But why now?

Out of all possible times, why did the Biden Administration choose this bold course of action now? Potentially, for two reasons: first, the ban acting as a spiritual successor of the “Huawei ban” enacted by President Trump on May 15, 2019; and second, the U.S. building on momentum from its sanctions and international pressures placed on Russia to discourage an invasion of Taiwan.

Huawei, a Chinese multinational telecommunications corporation closely linked to the Chinese government, is regarded by U.S. policymakers as a threat to national security. The Huawei ban essentially dictated that Huawei would be placed on the “Entity List”, which is comprised of companies deemed a risk to U.S. national security, and hence are prohibited from doing business with any organization that functions in the U.S. Huawei has been in hot water before for intellectual property (IP) theft. However, Huawei is also the world’s largest seller of smartphones and communications equipment. Because the U.S. government (among numerous others) is worried that Beijing could coerce the telecom giant to spy on users via its devices and collect data, the enforcement of a total ban across all Chinese firms is among the strongest policy moves available to deter Huawei’s capabilities for global surveillance. Huawei, which (surprisingly) also used U.S. semiconductors––until the Bureau of Industry and Security (BIS) restricted Huawei from these chips in May of 2020 on grounds of national security concerns––is now hampered from acquiring U.S. chips even indirectly via another supply line within China.

In addition, the timing of the ban could not be more fortuitous in capitalizing on the international momentum from pressuring Russia, emphasized by the Ukrainians’ monumental advances and counterattacks as of late. Consequences of Russia being subject to chip export controls have even begun to manifest themselves quite clearly on the battlefield. Russia, desperate to replenish chip stocks from Western sanctions, have been extracting chips from kitchen appliances in Ukraine to be used in military hardware, albeit being significantly less effective.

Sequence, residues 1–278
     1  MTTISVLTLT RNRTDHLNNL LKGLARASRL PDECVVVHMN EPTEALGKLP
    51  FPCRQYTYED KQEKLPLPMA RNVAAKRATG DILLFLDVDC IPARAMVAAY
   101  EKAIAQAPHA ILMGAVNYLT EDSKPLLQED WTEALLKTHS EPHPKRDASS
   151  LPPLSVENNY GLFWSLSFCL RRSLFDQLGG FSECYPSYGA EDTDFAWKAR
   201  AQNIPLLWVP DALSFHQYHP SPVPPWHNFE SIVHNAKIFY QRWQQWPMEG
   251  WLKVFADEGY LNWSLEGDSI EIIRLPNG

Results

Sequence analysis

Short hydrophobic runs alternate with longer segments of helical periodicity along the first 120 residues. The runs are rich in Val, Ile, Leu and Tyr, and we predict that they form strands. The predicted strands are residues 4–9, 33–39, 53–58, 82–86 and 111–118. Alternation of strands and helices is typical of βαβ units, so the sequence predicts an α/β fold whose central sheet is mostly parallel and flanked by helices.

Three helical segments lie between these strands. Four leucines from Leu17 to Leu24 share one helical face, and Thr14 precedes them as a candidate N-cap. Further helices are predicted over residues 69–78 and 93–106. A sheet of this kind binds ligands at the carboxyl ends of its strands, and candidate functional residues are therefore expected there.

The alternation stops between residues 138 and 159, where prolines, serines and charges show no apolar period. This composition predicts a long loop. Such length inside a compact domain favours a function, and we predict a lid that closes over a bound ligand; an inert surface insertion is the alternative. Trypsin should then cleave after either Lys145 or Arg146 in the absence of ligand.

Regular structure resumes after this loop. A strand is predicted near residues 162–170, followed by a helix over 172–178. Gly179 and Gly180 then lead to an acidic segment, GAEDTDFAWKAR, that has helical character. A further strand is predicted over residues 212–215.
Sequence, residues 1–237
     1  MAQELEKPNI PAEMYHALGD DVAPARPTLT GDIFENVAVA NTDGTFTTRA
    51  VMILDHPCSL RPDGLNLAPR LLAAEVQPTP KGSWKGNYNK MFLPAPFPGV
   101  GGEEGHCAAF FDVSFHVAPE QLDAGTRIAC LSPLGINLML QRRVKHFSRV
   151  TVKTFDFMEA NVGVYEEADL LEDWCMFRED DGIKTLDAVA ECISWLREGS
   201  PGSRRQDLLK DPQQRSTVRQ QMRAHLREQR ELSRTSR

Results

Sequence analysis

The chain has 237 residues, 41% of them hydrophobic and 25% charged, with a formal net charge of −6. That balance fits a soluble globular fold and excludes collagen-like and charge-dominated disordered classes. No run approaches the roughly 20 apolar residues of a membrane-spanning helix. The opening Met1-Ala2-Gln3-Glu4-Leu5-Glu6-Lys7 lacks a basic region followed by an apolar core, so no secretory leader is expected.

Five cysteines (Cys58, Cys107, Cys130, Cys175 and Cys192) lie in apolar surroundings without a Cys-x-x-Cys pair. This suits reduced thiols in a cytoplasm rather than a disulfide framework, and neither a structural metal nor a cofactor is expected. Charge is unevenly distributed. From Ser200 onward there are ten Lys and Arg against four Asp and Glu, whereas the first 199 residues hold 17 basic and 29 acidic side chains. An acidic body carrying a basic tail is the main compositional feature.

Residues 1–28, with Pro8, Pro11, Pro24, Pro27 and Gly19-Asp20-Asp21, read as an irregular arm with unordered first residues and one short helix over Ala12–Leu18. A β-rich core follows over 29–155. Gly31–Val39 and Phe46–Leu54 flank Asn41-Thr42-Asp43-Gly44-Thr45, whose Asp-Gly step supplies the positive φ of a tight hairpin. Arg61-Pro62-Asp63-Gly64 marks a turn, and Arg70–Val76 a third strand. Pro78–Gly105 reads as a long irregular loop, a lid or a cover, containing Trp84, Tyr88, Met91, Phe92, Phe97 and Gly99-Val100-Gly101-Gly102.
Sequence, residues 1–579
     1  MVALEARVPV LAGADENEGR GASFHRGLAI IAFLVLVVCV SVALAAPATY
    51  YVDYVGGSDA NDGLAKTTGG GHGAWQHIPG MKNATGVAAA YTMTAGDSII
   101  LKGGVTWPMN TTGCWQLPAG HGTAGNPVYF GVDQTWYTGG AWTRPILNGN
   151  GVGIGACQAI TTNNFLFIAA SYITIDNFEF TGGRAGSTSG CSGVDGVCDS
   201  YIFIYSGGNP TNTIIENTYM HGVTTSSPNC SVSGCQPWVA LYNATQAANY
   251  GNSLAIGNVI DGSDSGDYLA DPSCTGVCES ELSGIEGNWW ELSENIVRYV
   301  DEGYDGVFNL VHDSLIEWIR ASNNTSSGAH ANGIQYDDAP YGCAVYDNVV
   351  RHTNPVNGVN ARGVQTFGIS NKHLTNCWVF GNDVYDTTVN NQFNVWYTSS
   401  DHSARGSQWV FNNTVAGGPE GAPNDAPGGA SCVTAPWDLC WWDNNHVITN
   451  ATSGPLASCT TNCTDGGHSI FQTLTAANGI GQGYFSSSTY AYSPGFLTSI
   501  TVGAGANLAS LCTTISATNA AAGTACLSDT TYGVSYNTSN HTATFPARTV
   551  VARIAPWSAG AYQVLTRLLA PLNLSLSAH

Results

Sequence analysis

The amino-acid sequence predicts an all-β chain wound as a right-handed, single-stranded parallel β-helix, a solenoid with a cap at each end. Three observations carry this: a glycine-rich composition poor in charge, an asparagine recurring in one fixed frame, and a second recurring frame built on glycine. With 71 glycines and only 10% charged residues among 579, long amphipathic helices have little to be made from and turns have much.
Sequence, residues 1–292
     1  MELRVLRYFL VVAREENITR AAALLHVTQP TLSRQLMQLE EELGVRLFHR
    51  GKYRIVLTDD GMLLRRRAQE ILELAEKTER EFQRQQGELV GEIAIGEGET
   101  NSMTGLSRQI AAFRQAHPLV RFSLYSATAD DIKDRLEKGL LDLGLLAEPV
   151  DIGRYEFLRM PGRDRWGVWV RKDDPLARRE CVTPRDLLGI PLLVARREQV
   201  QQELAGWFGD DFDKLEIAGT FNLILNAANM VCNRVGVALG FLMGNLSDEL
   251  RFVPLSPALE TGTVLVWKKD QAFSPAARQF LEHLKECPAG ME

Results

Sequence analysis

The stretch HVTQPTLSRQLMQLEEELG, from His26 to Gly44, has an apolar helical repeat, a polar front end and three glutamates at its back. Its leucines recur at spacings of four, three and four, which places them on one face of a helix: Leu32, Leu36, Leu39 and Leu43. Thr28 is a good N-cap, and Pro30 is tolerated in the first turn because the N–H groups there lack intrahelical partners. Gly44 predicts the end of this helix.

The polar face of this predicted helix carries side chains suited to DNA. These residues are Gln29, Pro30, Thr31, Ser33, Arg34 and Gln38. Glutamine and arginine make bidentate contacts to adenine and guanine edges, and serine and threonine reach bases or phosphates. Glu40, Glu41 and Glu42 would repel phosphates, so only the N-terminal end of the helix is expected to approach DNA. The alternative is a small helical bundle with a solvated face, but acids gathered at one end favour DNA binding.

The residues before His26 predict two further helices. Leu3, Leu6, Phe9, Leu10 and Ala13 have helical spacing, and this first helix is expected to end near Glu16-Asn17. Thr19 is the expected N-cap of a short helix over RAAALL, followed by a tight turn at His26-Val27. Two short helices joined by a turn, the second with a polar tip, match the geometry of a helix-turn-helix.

As for China, the chip ban essentially functions as an ominous forewarning of what could come should Xi Jinping move against Taiwan. The only question that remains is the following: “Could the U.S. and world economy survive without China in the same way it has blacklisted Russia?”

What has the U.S. done domestically to bolster chip production?

On August 9, the Biden Administration signed the into law the bipartisan the Creating Helpful Incentives to Produce Semiconductors (CHIPS) and Science Act, an initiative which will, according to the White House, “strengthen American manufacturing, supply chains, and national security, and invest in research and development, science and technology, and the workforce of the future to keep the United States the leader in the industries of tomorrow, including nanotechnology, clean energy, quantum computing, and artificial intelligence.” Not only that, but the CHIPS and Science Act will allocate $280 billion over the next ten years towards scientific research and development and commercialization. Taking these steps will not only bolster America’s chip independence but will also add to the already surging demand for STEM careers.


Although China’s rise has been meteoric in the past few decades, it has been incredibly reliant on Western technology, specifically chips, to facilitate its technological progress. Restricting Beijing’s access to this coveted commodity, worth more than its weight in gold, is sure to considerably delay Xi Jinping’s ambitions of making China the world’s premier superpower via hindering the development of advanced technologies and infrastructures, including 5G networks. The chip ban also sends a stark message of what could come, although a complete blacklist as with Russia is unlikely given what’s at stake in the global economy. Biden’s recent face-to-face with Xi Jinping was a symbolic show of sportsmanship, but neither nation will be veering away in this geopolitical game of chicken anytime soon. Lastly, now that this chip ban is in place, only time will tell if this buys the U.S. an adequate lead to stay ahead of China technologically.

Author: Michael Raphael is a Senior Researcher at Navanti Group. He holds a BA in International Affairs from The George Washington University.

Disclaimer: The opinions expressed in this publication are those of the author(s). They do not purport to reflect the opinions or views of the Navanti Group or its partners.